Communication | Liam Andrews
The thing I’d like to see most in any Switch successor (I’m backing Chris’ suggestion that it be called the Switcheroo) is better communication/audio capabilities.
The current setup, which includes using an app on your phone, is rubbish, and needs improving in the next console. This could be done by simply integrating the chat app into the new console so it’s easier to chat with friends and hear the game at the same time. I only tried the NSO app a couple of times, but it was unwieldy enough to put me off online multiplayer sessions on the Switch.
Another issue that needs remedying is the lack of a headphone jack on the Switch’s pro controller/Joy-Con cradle. Not only would one of these make it easier to chat with friends, but it would also give players the option of using headphones to listen to game audio when the console is docked (I’m just assuming the new machine will be a hybrid one), especially useful if you’re playing in a noisy environment or just wanted to better appreciate a top-tier soundtrack.
While I do also want improved performance capabilities and fancier visuals, these simple quality of life features are just as important.
Online | James PArry
Nintendo might still not be ready to face it, but the future, and, in fact, the present, is digital. While I don’t want to see physical media die out – the fact that the current Switch carts taste bad so kids don’t eat them is genius – Nintendo needs to put more effort in to bring their digital and online services up to even the basic standards everyone else smashed past years ago.
The eShop is a mess, which is difficult to navigate and clunky to use when you do find what you want. On top of that, it’s poorly curated, leading to tons of shovelware hiding some of the best gems on there.
At this point, Nintendo needs to recognise that both adults and youngsters use their consoles. You should be able to do everyday activities, like add and communicate with friends, easily as an adult and the proper safeguards in place to protect children trying to do the same. In short – we don’t need friend codes Nintendo, we’re all grown up now.
In terms of form factor, the current unit isn’t pocked-sized anyway, so either make it smaller and folded in half (but that feels like a step back to the 3DS days), or punch it up to small bag size, like a 16:9 iPad. Anything more than that is a waste.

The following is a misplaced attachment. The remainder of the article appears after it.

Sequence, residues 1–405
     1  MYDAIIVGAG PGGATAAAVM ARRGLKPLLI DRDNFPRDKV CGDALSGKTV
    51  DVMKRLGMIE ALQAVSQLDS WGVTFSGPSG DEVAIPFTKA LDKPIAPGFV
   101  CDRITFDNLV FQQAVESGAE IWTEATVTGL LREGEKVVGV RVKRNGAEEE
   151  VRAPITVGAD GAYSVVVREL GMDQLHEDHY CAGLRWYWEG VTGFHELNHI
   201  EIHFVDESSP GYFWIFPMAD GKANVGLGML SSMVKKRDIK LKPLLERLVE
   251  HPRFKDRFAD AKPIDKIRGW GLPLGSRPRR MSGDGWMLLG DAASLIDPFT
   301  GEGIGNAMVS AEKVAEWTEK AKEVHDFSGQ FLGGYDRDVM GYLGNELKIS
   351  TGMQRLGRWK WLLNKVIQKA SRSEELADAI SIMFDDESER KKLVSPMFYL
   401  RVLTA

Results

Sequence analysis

The main thing I really want from Nintendo though, is for them to keep throwing in one or two random ideas which don’t make any sense just to see what works – that’s the beauty of a Nintendo console.
We’ll have to wait until at least 2024 to find out how many of our wishes came true.
As we enter the hole where E3 used to be we can expect a series of announcements from console makers and publishers and first out of the gate was PlayStation with their annual Showcase event last week.
We all expected Spider-Man 2 news (more on that in a bit), but what else did Sony bring to the show to delight, dazzle and demonstrate the exciting experiences they have in store for us.
We've picked a few of our own, but what was your highlight? Let us know on Discord.
Alan Wake 2, The Talos Principle 2 and Immortals of Aveum | James Parry
First things first, Foamstars, from Square-Enix, is the most shameless rip-off of a game – in this case, Splatoon – that I had seen for a long, long time. I wouldn’t mind so much if it had anything new to bring to the table, that’s how genres are made after all, but it seems pretty clear this is just a shameless cash grab.
Spider-Man 2 was the blockbuster everyone expected to appear at the Showcase, and the talented team at Insomniac didn’t waste any time in blowing our spider-socks off. I particularly enjoyed how the Venom suit was completely unexplained, putting us in the same shoes as Miles and Ganky.
You already know about Spider-Man though, so instead onto one of my most anticipated upcoming games Alan Wake 2. While I haven’t finished the remastered release, not only have I really enjoyed what I’ve played, but am always transfixed by anything Remedy decides to put out. Yes, even Quantum Break.
It must be the way Sam Lake approaches storytelling, but the idea of taking another journey into the Wake-averse with a new protagonist is particularly exciting, because not even Alan Wake likes Alan Wake as a character.
Elsewhere we were given a glimpse at heavy-hitters like Assassin’s Creed Mirage (looks fine, nothing particularly stood out) and Talos Principle 2 (looks like a narrative web I’ll get lost in). It’s a shame we still aren’t seeing more gameplay trailers for things even if they are only a few months out from release, but making games is hard so I get it.
One game which stood out, even when it sneaked out in the form of an EA press release a few months ago, was Immortals of Aveum. The main character has a similar vibe to Jayce from Arkane: League of Legends and the magic FPS vibe seems interesting, especially with some Gina Torres in there for good measure. Will be keeping an eye on that one.
Finally, there were a handful of indie titles which had the “this looks interesting, but it’s not for me”, including Sword of the Sea, The Plucky Squire and Neva. While they might not grab me to play, it’s great to see a variety of smaller titles find their way onto the platform and all show a consistent level of quality. It certainly bodes well for PlayStation’s continued market dominance in the near future.